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The event on the courtyard of the was quite a success: An important number of stands and booths presenting different civil rights groups working on Madagascar. The following photos allowing to get some insights for those not able to attend.

View from the outside

Before the townhall

Members of the group Andrimasompokonolona, working against insecurity

Overview, just before the end

Stand of the group Liberty32, working for civil society

 

This project has received funding from the European Union’s Framework Programme for Research and Innovation Horizon 2020 (2014-2020) under the Marie Sklodowska-Curie Grant Agreement No. 702497 – DySoMa.

                                         

18. Nov 2017

An experimental view on solidarity

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When concepts meet science

Is it not always a good idea to ‘translate’ abstract ideas or theories into more vivid, concrete, and, if possible, touchable forms? A word, a thought, might get unnoticed by many, if you do not take care to clothe them by an appropriate metaphor, by a brilliant sentence, by a proverb – or, by downsizing it to a well-known aspect of the physical world. Even if you don’t agree, you get an easy understandable base for further discussing, for deepening the subject. That is what a Malagasy student in social anthropology, Mr. Heriniaina Danielson Ralaivaha, has done.

Recently, by getting interested in the ongoing project on the “Dynamics of Solidarity on Madagascar”, he proposed me his own, original way to translate the possible importance of the notion of ‘solidarity’ for building up society, and to understand more about the historical journey of that idea on the island of Madagascar in particular. One afternoon, when we had agreed to meet for discussion, he arrived with a couple of empty plastic bottles and two funnels, ready for a surprise. As his presentation allows to approach the subject central to the DySoMa project from a different angle, it fits perfect into this blog. And this is what he presented.

The experiment

Experimental setup: About ten empty water bottles, two funnels, a bucket with water. Two individuals ready for a competition.

The experimental setup

Application: Everyone gets a funnel with the order to fill up as many bottles as possible within one minute. However, they have to keep the funnel in two opposite ways. The first person is allowed to keep the funnel ‘normal’, i.e. according to his function: The wider side of the funnel is therefore above, and the pipe below. The second person, though, gets the order to keep the funnel upside-down, i.e. the pipe is above, and the wider side of the funnel is below. Who will triumph, with more bottles filled?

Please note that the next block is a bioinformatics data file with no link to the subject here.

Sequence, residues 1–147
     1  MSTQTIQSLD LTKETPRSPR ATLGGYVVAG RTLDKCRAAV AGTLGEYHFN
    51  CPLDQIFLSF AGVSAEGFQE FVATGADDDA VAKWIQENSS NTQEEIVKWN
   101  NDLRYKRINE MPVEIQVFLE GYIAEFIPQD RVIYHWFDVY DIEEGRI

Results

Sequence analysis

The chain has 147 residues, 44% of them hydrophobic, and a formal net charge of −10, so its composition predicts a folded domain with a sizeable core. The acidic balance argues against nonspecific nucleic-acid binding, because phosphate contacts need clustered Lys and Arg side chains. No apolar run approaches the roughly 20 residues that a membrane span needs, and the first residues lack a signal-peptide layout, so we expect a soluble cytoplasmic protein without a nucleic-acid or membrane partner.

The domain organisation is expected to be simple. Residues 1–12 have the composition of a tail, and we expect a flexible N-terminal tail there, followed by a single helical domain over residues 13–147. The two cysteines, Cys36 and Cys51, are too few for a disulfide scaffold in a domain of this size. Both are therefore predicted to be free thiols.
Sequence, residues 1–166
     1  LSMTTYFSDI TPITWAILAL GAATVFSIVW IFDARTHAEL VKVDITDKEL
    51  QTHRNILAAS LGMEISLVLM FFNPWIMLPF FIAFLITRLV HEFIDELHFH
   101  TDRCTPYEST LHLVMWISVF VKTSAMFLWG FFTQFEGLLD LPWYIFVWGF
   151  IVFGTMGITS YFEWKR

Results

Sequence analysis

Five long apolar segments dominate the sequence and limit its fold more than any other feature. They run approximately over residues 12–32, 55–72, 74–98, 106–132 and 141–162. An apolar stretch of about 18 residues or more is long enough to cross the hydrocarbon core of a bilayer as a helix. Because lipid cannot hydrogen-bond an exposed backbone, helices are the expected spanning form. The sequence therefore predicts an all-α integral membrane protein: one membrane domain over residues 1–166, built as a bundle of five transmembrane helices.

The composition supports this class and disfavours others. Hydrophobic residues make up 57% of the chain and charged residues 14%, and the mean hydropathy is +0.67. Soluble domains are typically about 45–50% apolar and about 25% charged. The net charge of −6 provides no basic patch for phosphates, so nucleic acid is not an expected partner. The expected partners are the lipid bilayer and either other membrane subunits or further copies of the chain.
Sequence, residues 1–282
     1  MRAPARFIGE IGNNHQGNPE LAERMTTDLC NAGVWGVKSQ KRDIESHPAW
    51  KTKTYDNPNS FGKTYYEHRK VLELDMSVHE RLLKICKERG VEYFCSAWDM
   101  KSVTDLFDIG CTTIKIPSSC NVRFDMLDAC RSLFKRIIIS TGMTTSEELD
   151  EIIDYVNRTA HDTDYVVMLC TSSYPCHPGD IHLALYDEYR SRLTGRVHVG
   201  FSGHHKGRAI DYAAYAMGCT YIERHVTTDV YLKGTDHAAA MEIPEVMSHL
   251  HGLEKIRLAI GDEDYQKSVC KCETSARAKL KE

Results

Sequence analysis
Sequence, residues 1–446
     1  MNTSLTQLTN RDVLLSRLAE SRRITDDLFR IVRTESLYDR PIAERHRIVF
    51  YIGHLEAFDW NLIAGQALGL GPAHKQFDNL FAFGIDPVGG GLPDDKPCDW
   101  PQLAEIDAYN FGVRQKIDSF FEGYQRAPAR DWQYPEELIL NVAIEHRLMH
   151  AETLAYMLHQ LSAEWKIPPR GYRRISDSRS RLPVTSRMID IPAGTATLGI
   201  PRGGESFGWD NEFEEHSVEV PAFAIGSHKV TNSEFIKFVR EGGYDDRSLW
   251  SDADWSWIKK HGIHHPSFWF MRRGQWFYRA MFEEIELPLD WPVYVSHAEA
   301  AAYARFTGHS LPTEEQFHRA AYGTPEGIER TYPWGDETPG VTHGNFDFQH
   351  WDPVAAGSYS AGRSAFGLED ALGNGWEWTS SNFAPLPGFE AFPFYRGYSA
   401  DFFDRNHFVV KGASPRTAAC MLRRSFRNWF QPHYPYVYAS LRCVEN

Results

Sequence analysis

Funnel, upside-down

A competition in bottle-filling

Observation: The first individual had a comparatively easy task and he has no problem in filling quickly five or six bottles of water. The second individual, however, is confronted with a much more difficult situation, as most of the water drips beside the funnel and does not enter the bottle. Even with much more energy and commitment compared with his opponent, he hardly gets one bottle filled up – and necessarily loses.

Analysis: To hold the funnel the right way gives you a much superior possibility to complete your work.  To hold the funnel upside-down means that even with additional amount of energy you will lag far behind.

Heriniaina Ralaivaha and his experimental view on solidarity

Funnel, solidarity, and society

Mr. Ralaivaha proposes the following reading: To hold the funnel the normal, right way symbolizes a well-orchestred social group, supporting all member. Everybody is conscient that his effort will contribute to the well-being of the group, and to his own as well. The application of ‘solidarity’ allows a relatively easy performance of the work the group aims to. The productivity – in a large sense, including all kind of social, artistic, educational or material goods – is high, symbolized by the number of bottles filled. – To hold the funnel upside-down, however, means that the energy of the given group is not well canalized. A lot, if not most of all energy, of work, is futile and “drips” away, not contributing to the performance of that group. The productivity of this soiecty is fairly low.

To hold the funnel the right way, i.e. to use the secrets of ‘solidarity’, allows a group relatively easy to grow. If the virtues of solidarity are forgotten, i.e. if the funnel is hold the wrong way, the society will not progress.